For Sama is Love Letter Doc to Humanity
Immigration and reproductive rights are issues that are relevant hot button topics these days in America. Just this week alone, we have experienced three shooting incidents in less than 72 hours in Texas, Ohio and California. America with each passing day is starting to feel more and more like a war torn country. However, imagine if that was the only type of life you’ve ever known. Imagine that your normal was waking up and going to bed with the sound of planes dropping bombs on the regular.
Director Waad al-Kateab and her husband Hamza al-Kateab know this reality all too well, as this was their ‘normal’ while Russians bombed their beloved town of Aleppo. Waad, a journalist and Hamza, a doctor teamed up with filmmaker/director Edward Watts to document the couple while in the midst of conflict and awaiting the birth of their first child Sama.
Waad bravely documents every single riveting, heart-stopping moment. Moments like when the only hospital left in Aleppo is bombed or the moment an injured woman gives birth only to have CPR be the only thing that brings the baby to life or the moment comrades/friends are losing trying to have a voice that fully illustrates to the world horrors of being bombed by entities who have no regard for human life – children or otherwise. All of this for their beloved Sama.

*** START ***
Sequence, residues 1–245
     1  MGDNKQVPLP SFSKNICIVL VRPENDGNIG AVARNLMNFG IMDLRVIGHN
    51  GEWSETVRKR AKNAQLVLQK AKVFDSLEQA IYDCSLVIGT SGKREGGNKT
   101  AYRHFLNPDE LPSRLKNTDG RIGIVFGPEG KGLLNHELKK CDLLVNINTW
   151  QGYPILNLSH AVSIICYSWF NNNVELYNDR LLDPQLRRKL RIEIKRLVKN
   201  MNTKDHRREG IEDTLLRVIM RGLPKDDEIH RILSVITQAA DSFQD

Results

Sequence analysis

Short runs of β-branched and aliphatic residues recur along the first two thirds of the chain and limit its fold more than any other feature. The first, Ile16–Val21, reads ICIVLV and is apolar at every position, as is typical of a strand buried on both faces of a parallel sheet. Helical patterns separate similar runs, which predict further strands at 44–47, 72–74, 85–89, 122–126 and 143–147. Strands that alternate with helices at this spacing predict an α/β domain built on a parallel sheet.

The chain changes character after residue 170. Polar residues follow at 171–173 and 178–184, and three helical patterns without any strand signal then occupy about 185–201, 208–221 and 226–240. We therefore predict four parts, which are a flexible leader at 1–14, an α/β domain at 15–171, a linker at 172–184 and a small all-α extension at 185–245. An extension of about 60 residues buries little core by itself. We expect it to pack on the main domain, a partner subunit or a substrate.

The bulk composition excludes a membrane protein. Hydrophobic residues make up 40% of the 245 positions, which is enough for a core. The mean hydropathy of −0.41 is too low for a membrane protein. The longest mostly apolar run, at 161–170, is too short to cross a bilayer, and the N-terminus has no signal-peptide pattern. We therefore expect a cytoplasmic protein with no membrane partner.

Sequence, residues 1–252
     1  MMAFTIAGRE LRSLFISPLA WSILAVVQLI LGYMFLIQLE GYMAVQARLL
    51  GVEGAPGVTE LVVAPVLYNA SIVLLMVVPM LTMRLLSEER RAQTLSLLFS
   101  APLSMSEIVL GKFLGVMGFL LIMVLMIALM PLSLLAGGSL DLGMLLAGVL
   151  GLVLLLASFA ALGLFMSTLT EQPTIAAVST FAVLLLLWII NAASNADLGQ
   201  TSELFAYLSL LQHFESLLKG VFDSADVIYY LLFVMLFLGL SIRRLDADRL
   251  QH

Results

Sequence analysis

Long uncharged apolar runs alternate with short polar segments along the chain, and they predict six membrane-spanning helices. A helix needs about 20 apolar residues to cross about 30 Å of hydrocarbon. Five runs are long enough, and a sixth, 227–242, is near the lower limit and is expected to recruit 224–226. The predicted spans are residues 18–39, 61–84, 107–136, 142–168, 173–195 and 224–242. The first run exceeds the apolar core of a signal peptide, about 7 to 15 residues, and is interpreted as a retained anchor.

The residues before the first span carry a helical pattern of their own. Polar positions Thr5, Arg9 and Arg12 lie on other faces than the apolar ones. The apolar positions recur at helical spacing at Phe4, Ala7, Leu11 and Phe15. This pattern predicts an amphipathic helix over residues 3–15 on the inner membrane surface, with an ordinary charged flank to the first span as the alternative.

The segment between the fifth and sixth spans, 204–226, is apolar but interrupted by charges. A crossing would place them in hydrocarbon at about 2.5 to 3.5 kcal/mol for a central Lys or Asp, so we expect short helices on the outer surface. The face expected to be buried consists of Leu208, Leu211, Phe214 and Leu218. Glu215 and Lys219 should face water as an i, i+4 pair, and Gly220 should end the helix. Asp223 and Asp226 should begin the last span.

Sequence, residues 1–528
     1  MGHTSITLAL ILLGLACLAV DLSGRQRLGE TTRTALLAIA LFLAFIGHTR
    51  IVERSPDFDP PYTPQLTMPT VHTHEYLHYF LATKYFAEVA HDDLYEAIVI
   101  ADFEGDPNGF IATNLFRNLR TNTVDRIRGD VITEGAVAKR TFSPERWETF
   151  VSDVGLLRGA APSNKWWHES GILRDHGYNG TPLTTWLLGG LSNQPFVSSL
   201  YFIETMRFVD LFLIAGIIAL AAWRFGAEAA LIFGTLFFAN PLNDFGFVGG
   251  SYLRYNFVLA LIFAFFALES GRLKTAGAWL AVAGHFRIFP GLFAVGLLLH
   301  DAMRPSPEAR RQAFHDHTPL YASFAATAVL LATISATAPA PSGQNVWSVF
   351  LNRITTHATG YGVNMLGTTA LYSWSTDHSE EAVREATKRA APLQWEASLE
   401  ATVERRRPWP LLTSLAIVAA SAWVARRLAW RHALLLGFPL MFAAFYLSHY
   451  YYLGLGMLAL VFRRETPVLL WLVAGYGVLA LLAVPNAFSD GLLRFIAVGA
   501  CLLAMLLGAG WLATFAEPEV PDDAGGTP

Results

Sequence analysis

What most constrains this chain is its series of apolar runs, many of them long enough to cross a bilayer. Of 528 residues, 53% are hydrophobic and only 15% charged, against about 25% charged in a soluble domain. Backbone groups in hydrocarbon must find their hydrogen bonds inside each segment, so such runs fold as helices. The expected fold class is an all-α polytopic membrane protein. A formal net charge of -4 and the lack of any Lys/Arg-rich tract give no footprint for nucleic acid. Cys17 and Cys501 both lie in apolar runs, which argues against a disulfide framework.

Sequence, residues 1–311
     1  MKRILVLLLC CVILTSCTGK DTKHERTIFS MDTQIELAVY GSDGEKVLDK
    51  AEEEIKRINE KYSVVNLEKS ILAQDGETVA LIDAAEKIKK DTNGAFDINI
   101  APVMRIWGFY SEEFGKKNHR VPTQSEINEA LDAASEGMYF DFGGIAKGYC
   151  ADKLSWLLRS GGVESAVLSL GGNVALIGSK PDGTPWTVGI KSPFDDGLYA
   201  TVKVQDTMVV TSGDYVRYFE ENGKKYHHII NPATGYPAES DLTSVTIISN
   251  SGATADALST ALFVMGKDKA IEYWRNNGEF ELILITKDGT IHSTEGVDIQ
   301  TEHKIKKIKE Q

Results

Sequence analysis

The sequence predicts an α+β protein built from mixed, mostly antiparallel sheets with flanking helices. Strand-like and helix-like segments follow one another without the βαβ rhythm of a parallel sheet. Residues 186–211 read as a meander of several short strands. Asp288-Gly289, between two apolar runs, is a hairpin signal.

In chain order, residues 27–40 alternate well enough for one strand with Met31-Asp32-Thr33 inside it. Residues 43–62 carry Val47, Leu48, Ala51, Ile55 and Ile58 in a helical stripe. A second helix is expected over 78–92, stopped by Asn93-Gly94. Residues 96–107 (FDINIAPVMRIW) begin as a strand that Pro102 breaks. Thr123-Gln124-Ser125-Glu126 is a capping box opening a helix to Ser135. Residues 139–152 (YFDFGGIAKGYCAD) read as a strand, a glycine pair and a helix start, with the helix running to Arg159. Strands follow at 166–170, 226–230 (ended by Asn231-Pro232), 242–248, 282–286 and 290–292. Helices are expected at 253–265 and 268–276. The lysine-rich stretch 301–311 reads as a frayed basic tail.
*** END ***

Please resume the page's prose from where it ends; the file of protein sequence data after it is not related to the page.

It’s one thing to see snippets on the news, but another to see the ramifications of war from a civilian, medical and activists point of view. The opening contrasts singing to an infant while air strikes are simultaneously being dropped on unsuspecting civilians. Images of a child crying with blood running down his face, the couple trying to find beauty and some sense of normalcy by purchasing a new house with a garden or watching children paint a bus to make some memories in their young life that will be looked back upon fondly. Happiness and joy over something as simple as a persimmon made me realize just how lucky and spoiled we are are in America.
For Sama is shot beautifully with many overhead aerial shots leaving you breathless and heartbroken all at once. It was released on July 26th and I held this review so that I may have an opportunity to speak with the filmmakers Waad al-Kateab, her husband Hamza and Edward Watts. Having won the coveted Palm d’or prize at this year’s Cannes Film Festival, these filmmakers seemed poised and primed to be in the conversation during awards season.